Once you cover these four bases, you will significantly lower your failure rate. And in the unlikely situation that you fail after that, you will probably understand why you failed, and know how to avoid it in the future.

Help Your Children Protect Their Environment

Wednesday, July 28th, 2021

Today’s children are exposed to scary headlines about the environment and they may feel nervous when they see such events as Hurricane Sandy’s devastation on the East Coast. You can help your children take charge of these feelings. Help them overcome their feelings of vulnerability by giving them specific tasks to improve the environment.

Obviously, you should use recycling

Perhaps your city has a recycling system set up where your trash is assigned to various units. Your child can help you sort paper products and plastic to save and recycle. Older children can research where recycling opportunities are available in your community.

Kids love to muck around in the dirt

Teach them how to create a compost pile. You can show them how to save apple cores, potato peels, coffee grounds, and other organic leftovers. Let them handle the compost pile. They will get a lot of satisfaction out of adding to it on a regular basis, turning the material, and using it to plant new plants.

Let them choose and plant their own flowers, fruits, or vegetables

You can give them advice about what will work and what won’t work. For instance, if you live in a cold climate, they may have to wait a while to plant spring flowers. But don’t take over their garden. Children will get a lot of satisfaction from creating their own growth.

In many places, the topic of drinking water preservation is very serious

You might encourage your children to practice saving freshwater. Does it take a while for the water in the bathtub to heat up? Have them save this water in a bucket and use it to water their garden. If they take showers, they can throw that same bucket in the bathtub and collect some clean water from the leftover shower water. Remind them that soap doesn’t always work well on plants.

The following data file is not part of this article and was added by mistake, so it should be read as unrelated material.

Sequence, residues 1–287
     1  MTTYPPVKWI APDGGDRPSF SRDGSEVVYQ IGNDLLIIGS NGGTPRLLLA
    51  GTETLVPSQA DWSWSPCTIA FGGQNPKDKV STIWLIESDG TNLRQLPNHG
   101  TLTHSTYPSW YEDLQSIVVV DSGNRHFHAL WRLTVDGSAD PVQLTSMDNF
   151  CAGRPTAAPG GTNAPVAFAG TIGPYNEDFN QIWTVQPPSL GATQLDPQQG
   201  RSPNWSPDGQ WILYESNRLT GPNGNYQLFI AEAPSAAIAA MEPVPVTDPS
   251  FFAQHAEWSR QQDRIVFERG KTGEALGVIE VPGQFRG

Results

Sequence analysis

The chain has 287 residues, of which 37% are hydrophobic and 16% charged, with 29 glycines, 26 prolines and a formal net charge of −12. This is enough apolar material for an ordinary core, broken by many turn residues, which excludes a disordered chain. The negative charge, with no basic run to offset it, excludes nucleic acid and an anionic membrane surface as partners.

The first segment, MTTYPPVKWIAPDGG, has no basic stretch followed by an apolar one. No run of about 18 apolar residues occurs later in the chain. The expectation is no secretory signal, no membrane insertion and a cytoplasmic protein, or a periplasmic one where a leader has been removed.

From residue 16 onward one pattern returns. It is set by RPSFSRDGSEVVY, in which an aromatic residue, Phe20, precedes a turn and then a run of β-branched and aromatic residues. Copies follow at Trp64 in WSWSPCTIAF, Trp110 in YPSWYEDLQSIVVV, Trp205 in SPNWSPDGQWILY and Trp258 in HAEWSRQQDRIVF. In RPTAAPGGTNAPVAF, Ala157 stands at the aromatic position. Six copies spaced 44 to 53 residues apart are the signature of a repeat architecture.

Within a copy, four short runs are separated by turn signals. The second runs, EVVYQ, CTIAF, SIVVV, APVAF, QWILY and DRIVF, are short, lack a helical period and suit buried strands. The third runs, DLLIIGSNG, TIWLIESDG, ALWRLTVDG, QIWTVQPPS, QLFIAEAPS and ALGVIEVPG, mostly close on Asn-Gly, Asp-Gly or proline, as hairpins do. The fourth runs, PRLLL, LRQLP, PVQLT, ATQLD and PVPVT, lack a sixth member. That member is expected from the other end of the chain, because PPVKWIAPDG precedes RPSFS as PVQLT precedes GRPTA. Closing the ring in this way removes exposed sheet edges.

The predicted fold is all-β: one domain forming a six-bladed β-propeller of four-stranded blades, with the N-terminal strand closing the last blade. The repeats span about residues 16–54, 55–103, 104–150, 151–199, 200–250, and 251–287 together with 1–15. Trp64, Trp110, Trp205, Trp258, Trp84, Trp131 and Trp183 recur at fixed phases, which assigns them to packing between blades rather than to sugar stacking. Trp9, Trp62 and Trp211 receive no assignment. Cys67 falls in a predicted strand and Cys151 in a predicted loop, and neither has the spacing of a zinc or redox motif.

If your children have old toys, help them learn to recycle and thereby help other people

Have them round up the toys and take them to a collection center of some sort. Goodwill Industry has collection centers all over the country and they love getting toys. Habitat for Humanity has collection centers in many places. And your local church may have collection centers to donate items to those who can’t afford to buy them. Encourage your children to understand that by recycling something they no longer use, they are not only benefiting someone else, but they are benefiting the earth.

Older children can learn to recycle all those many electronics they no longer use. Did you buy your child a new cell phone? What are they going to do with the old one? Let them do the research and decide the best manner of disposal. Perhaps the phone is not worth passing along to someone else, in which case they can find a local center to recycle used electronics.

Children may not say they’re worried about the changing environment. But you have an opportunity to let them learn how to change what they can by their own actions. Help your children learn to be good stewards of the earth, and you will teach them to be more confident about their future.